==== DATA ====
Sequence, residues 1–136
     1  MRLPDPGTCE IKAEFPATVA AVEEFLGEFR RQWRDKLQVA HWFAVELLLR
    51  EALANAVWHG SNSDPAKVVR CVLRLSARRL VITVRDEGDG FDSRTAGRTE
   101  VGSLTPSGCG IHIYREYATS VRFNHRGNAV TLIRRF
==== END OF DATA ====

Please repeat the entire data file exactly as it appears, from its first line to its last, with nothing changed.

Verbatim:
Sequence, residues 1–136
     1  MRLPDPGTCE IKAEFPATVA AVEEFLGEFR RQWRDKLQVA HWFAVELLLR
    51  EALANAVWHG SNSDPAKVVR CVLRLSARRL VITVRDEGDG FDSRTAGRTE
   101  VGSLTPSGCG IHIYREYATS VRFNHRGNAV TLIRRF